A Richer Understanding: Mobile Investing

Investing has changed dramatically. Many of my peers have worked in the pit or the trading floor as portrayed in those hectic movie scenes with traders shouting and signaling buy and sell orders. With trading becoming more electronically based, pits are rapidly disappearing. This fast-paced, on the go industry is a great fit for mobile technology.

I’ve had a few connections ask me about investing and I direct them to RetirementSavvy as I Am no expert; even if you understand how the stock market works you might not know how to invest wisely. In addition to the site I’ve suggested mobile apps, specifically those designed for first time investors.

Activity Screens – Acorns and Robinhood

I decided to try a few and practice what I preach. In my discovery, I’ve found most have simple to understand technology and many have comprehensive features for more advanced investors.

For purposes of testing I opened accounts with Acorns and Robinhood.

Investing Simplified

Acorns offers a simple and fun way to use your phone to invest and reach short-term goals. I linked a credit card and a debit card and my purchases are rounded up to the nearest dollar and invested based on a risk profile I established at account opening. The app charges $1 a month for accounts under $5,000 and 0.25 percent of your annual assets for accounts over $5,000. I read a few complaints about withdrawing money and I had no issues withdrawing money – from request to deposit took only one day for me.

Acorns – Account Value

Robinhood offers $Free.00 trading and for anyone starting out this is ideal. The app allows you to trade stocks and ETFs, however you can’t trade options, bonds or mutual funds.

After I setup the account, I transferred $5 to test the speed and availability of my deposit, however once it was completed the app asked if I wanted “instant deposits” – The cash from my bank transfer into my account would be available immediately instead of a standard 3-day hold. With a free trade structure, I searched for how the company makes money; from their FAQ – Robinhood makes money through margin lending interest and by accruing interest off customers’ non-invested cash balances.

I’ll update this post once I hold stock and cash with Robinhood. Here are my initial thoughts on these two mobile apps.

Investing Automated

Acorns is a set-it and forget-it way of investing, your purchases are rounded up and that “spare change” is then invested in a diversified portfolio of six different funds based on your set risk tolerance. Acorns is a quick, easy, and automatic way to invest money.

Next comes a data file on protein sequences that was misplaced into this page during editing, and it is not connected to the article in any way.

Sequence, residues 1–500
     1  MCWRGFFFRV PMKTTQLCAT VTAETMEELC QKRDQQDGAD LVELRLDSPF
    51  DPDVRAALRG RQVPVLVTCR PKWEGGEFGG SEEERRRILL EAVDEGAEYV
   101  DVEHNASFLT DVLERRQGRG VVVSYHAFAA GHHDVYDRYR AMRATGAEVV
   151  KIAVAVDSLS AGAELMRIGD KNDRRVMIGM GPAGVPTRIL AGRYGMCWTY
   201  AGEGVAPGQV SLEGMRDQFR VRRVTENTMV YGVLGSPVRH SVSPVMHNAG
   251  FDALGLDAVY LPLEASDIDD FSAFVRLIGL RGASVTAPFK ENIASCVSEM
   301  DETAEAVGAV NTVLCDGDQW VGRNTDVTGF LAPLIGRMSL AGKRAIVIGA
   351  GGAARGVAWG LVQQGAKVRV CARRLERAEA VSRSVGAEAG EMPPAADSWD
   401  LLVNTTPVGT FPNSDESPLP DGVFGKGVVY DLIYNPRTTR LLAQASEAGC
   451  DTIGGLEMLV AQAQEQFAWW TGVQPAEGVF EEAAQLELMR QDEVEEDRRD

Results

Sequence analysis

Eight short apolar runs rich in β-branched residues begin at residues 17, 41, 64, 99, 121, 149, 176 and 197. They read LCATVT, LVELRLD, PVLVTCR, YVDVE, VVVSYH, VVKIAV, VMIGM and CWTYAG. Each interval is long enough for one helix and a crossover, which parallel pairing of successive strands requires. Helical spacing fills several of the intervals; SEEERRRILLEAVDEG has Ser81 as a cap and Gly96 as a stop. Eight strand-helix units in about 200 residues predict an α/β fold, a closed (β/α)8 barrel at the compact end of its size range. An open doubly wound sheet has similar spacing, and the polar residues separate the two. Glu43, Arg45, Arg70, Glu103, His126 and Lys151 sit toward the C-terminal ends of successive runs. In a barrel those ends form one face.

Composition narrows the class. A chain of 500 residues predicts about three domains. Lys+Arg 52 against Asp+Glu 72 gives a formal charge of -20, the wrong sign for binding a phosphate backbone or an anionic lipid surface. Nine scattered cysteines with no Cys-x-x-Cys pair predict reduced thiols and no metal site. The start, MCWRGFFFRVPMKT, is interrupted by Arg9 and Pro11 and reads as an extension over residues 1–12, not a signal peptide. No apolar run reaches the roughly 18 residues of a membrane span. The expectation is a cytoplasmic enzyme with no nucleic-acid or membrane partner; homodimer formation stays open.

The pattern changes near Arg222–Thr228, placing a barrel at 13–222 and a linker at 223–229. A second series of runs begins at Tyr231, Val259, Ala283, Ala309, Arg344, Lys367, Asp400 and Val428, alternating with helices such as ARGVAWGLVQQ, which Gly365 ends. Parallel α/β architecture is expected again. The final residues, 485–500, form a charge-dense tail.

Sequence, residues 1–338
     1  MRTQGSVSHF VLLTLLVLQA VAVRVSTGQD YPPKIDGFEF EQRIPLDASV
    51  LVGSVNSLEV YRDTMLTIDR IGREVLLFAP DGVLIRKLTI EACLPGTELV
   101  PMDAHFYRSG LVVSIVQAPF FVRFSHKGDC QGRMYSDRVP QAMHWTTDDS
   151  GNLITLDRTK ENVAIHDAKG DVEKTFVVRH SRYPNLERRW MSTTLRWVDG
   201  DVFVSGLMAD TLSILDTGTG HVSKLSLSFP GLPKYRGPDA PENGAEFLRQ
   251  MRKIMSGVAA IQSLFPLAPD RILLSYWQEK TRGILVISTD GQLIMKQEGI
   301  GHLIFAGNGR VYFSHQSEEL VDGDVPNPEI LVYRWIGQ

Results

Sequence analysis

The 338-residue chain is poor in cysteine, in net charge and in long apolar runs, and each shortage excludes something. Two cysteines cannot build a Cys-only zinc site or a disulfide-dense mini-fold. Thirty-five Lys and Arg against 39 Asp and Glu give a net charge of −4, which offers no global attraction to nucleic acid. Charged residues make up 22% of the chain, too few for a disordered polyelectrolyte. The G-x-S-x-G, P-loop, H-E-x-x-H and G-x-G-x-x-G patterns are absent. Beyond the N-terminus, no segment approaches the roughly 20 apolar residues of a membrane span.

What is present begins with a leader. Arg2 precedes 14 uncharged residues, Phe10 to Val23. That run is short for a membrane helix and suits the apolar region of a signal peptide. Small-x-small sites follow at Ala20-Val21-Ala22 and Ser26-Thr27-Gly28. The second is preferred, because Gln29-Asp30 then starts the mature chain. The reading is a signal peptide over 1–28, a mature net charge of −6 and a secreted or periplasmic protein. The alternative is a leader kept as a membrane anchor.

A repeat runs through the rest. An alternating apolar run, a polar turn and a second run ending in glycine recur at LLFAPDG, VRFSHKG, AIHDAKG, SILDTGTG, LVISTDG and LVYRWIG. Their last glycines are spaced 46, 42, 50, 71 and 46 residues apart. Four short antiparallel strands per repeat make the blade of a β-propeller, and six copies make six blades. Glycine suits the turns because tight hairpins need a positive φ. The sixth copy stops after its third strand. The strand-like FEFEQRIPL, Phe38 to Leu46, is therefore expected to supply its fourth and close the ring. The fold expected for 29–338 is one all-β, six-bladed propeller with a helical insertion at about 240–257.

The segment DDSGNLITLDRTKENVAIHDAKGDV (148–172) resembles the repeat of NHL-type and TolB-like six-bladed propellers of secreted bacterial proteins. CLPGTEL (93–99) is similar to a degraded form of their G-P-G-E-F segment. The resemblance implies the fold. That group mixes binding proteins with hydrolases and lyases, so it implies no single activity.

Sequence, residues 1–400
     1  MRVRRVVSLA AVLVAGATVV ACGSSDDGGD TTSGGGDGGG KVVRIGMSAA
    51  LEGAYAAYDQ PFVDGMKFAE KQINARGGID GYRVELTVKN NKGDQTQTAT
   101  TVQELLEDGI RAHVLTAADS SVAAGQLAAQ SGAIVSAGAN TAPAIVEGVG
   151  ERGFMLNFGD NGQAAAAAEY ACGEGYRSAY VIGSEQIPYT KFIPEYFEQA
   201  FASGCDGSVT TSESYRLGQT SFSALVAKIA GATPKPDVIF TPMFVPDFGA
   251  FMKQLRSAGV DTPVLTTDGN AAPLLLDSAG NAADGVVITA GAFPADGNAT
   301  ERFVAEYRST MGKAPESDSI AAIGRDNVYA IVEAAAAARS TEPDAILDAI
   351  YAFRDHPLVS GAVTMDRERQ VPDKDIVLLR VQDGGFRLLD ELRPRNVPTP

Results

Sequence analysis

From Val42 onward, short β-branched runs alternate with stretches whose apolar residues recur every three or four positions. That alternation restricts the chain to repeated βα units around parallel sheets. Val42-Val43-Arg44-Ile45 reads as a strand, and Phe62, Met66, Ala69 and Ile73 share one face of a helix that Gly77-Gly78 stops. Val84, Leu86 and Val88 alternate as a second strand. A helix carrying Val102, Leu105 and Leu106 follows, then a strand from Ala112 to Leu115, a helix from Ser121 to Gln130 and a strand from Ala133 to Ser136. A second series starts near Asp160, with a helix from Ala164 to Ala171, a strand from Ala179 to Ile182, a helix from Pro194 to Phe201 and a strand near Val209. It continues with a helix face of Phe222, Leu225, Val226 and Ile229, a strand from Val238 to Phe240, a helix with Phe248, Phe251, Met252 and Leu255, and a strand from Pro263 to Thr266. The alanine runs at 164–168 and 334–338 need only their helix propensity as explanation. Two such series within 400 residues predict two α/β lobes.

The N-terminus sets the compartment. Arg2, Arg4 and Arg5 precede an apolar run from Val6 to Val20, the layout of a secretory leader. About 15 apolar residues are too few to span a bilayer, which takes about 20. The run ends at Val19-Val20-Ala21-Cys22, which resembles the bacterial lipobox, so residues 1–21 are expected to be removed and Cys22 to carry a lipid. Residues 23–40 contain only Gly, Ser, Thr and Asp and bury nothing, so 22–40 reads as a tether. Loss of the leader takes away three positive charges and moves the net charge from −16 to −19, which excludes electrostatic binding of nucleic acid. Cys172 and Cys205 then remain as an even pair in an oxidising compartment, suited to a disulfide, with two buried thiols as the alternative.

Robinhood – Deposits and Tracking

The Robinhood app is very easy to sign up for and allows users to do basic trading for free. While it lacks analysis a first-time investor may seek, it does include market data. Also, you are limited to Stocks and ETF trading only, however I believe this is perfect for first-time investors. Once you’ve learned more about investing and individual companies, you can move on with the confidence of more strategic/ diversified investments.

Final Thoughts

Please share your experience and or suggestions for novice investors below in the comments. Also, let us know if you are using any mobile apps for investing / trading.

I Am,

Brian

Brian Tramuel is a regular contributor and helms the 'A Richer Understanding' series. He lives with his wife Michelle, their children Geneva and Brian, and their Cocker Spaniel Maestro in Charlotte, NC. They, along with his two older children from a previous marriage, Davina and Aaron, provide a constant source of inspiration. Aaron lives, works and plays in Charlotte and Davina lives, works and plays in Roanoke, VA.

1 Comment

  1. Hey, Brian. Thanks for this review. I’ve heard of Acorns and Robinhood but never knew how they worked. Acorns looks like a great way for a newbie to begin his or her investing career–especially if the newbie is young.

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